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In a city where culture struggles for headway against less aesthetic pursuits, Dr Rodney Wilson has worked wonders with little drum-beating and few histrionics.

As director of the Auckland Art Gallery, the National Maritime Museum and, since 1994, the Auckland War Memorial Museum, Wilson has walked the tightrope between artistic ambition and political reality to greatly enhance the city's cultural infrastructure, for much of that time getting around town on one of his shiny BMW motorcycles and wearing his trademark bow tie.

This weekend's opening of the copper dome enclosed atrium, allowing a 60 per cent increase in floor space within the museum, crowns an administrative career that began in the 1970s at the McDougall Art Gallery in Christchurch.

An art school graduate influenced by several years in Europe, he breezed into Auckland in his bow tie, snappy suits and goatee in the early 1980s yet worked comfortably with conservative, mainly male, politicians and bureaucrats on the Auckland City Council. The result was a major refurbishment and expansion of the city art gallery and groundbreaking exhibitions such as Monet and Canaletto which reconnected the gallery and the wider public.

After a year in Melbourne, he returned to set up the National Maritime Museum, indulging his passion for boats and love of heritage and tradition.

Throughout, he's proved the consummate negotiator, prising money from sceptical politicians, charitable trusts and businesspeople for projects he believed in.

"He's astonishingly adept at putting up proposals," says Associate Arts, Culture and Heritage Minister Judith Tizard.

"He just convinces people by his knowledge and his enthusiasm and his lobbying."

Says Wilson: "The museum is the most visited manmade tourism attraction in the country, and people have been tremendously generous, but it wasn't easy raising that money."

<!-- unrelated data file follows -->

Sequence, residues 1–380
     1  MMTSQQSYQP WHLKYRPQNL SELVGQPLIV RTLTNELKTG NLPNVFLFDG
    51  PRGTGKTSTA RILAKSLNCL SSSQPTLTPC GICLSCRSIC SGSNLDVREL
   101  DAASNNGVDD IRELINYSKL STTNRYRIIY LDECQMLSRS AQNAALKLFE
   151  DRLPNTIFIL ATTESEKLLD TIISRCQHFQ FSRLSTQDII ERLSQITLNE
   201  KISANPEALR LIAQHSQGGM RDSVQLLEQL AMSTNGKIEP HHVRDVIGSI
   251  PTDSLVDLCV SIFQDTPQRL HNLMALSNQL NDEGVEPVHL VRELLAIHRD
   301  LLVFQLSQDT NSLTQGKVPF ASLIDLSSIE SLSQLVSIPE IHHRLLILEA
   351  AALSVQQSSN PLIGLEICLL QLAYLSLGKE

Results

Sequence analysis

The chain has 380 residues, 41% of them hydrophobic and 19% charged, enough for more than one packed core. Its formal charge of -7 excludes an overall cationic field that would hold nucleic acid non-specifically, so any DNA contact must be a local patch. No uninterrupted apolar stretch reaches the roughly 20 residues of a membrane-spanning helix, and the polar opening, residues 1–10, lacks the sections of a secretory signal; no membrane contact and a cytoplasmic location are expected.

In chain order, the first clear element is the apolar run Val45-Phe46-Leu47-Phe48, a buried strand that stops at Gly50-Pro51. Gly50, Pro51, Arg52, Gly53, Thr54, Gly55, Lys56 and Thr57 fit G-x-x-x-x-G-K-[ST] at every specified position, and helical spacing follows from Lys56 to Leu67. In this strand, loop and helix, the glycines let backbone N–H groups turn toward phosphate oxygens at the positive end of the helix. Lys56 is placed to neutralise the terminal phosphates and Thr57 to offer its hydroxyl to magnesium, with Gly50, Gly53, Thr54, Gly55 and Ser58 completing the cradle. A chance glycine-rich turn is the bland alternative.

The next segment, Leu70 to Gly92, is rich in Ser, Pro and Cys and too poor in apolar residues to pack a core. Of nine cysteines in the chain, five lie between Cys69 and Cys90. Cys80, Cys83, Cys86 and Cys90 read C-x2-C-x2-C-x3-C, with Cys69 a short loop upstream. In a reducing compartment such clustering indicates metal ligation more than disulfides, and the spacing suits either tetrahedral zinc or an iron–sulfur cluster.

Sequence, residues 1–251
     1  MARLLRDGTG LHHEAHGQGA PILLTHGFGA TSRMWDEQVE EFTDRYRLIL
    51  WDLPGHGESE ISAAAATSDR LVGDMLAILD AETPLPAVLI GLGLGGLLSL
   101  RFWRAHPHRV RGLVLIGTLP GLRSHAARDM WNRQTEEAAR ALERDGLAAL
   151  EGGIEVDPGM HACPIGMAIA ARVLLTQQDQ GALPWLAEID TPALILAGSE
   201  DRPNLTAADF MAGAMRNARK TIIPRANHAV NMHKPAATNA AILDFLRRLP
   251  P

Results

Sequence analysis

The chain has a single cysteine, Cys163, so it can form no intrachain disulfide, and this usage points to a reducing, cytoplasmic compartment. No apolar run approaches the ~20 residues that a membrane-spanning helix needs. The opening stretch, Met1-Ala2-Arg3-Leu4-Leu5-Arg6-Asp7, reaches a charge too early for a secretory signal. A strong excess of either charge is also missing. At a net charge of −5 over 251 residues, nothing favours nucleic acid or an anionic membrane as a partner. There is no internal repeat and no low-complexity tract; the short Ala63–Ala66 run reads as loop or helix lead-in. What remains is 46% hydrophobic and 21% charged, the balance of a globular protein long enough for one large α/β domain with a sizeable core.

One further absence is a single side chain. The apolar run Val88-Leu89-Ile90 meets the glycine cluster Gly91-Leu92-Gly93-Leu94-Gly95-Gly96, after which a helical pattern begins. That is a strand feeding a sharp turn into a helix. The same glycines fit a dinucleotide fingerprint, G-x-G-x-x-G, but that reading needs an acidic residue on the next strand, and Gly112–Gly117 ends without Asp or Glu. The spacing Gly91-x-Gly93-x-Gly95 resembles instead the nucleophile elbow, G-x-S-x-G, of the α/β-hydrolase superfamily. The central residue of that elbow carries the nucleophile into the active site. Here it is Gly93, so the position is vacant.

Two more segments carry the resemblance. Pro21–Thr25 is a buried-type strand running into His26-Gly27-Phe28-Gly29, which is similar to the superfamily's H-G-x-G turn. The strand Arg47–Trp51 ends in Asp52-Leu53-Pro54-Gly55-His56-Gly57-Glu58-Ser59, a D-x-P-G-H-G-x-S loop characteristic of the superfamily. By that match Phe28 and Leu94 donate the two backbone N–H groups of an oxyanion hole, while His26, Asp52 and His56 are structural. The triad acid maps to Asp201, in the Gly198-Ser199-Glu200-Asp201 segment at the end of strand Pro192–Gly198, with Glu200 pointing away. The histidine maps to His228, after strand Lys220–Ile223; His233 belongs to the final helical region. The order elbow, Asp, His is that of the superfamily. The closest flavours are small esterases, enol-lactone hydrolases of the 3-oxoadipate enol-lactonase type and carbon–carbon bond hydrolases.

The atrium development completes a two-stage transformation since he arrived at a facility in dire need of upgrading and struggling to display its world-class collections. The two projects required $115 million in funding.

While major building projects will be his legacy, artistic passion has been his driver. He's allegedly a hard taskmaster but his enthusiasm and wide-ranging interests have kept staff in a notoriously sensitive field on board.

His goal at the museum was to make the most of its "extraordinary" collections innovating without reaching Te Papa's populist extremes.

Much of the first-stage project was simply to bring the ageing building up to scratch with earthquake proofing and air-conditioning.

For the next stage, he set out to convince a government which had just bankrolled a national museum in Wellington that it owed a debt to Auckland - and came away with $26 million.

He also needed Auckland's fractious local bodies to agree to ongoing funding.

Printmaker Barry Cleavin, a close friend since meeting Wilson at art school in Christchurch in the 1960s, credits him with the ability to combine "the practical and aesthetic and make a success of it".

But, he says, behind the professional persona is a generous host with a wicked sense of humour.